Anomie

by Natalie Robin

So I have been living in San Francisco for a little under 2 months now and I am already feeling disillusioned with it. It is not an unfortunate city by any means, but rather I am an unfortunate girl who knows no cure for the disease of insatiability. I cannot understand the trend of settling. I do not understand how it satisfies people to stay in one place–and I am not saying they are wrong to do it–but that the complacency in doing so is foreign to me. I can only walk to the same place in the morning for coffee so many times, I can only ride the same train to the same post office so many times, I can only shop for the same food at the same grocery store so many times. I am not a thrill-seeker by any means, but on the variant scale that makes up emotional necessity, I need something other than the same drill to be happy.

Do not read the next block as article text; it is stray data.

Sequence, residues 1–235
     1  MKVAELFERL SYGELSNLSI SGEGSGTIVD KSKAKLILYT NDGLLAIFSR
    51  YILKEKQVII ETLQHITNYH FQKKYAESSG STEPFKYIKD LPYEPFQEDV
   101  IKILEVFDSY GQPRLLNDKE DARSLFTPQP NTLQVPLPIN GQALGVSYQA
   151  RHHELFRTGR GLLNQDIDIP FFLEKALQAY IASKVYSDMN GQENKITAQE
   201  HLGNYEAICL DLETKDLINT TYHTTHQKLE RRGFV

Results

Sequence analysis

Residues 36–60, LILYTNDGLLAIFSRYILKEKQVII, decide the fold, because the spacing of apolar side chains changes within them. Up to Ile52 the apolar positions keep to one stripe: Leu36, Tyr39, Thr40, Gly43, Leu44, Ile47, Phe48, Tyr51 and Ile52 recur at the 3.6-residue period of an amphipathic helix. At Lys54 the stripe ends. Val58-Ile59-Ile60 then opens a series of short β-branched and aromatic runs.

Perhaps either in a past life or in this life, I was born with the spirit of a vagabond. Besides all the aforementioned, what lends most sincerely to this possibility is that I do not aim to be attached and the prospect does not excite me. Sometimes I feel obligated to attend to other people’s need for social engagement, and sometimes I feel like I should simply because it’s the “normal” thing to do. I have wrestled with my social anemia for a long time and always believed it to be these multifaceted phases of self-reflection that I would slowly materialize from as I figured out who exactly I am, but now HERE I AM–more comfortable with this person than ever and yet have managed to stay a jungle of roots from which no flower grows, not from lack of maturation so much as a persistent refusal to bare my most colorful capabilities.

Though despite this unyielding recluse I have become, part of me thinks that maybe I am bored because I am missing out on people..because if my main gripe is in fact, tedium, nothing is as lively and unpredictable as a human being.

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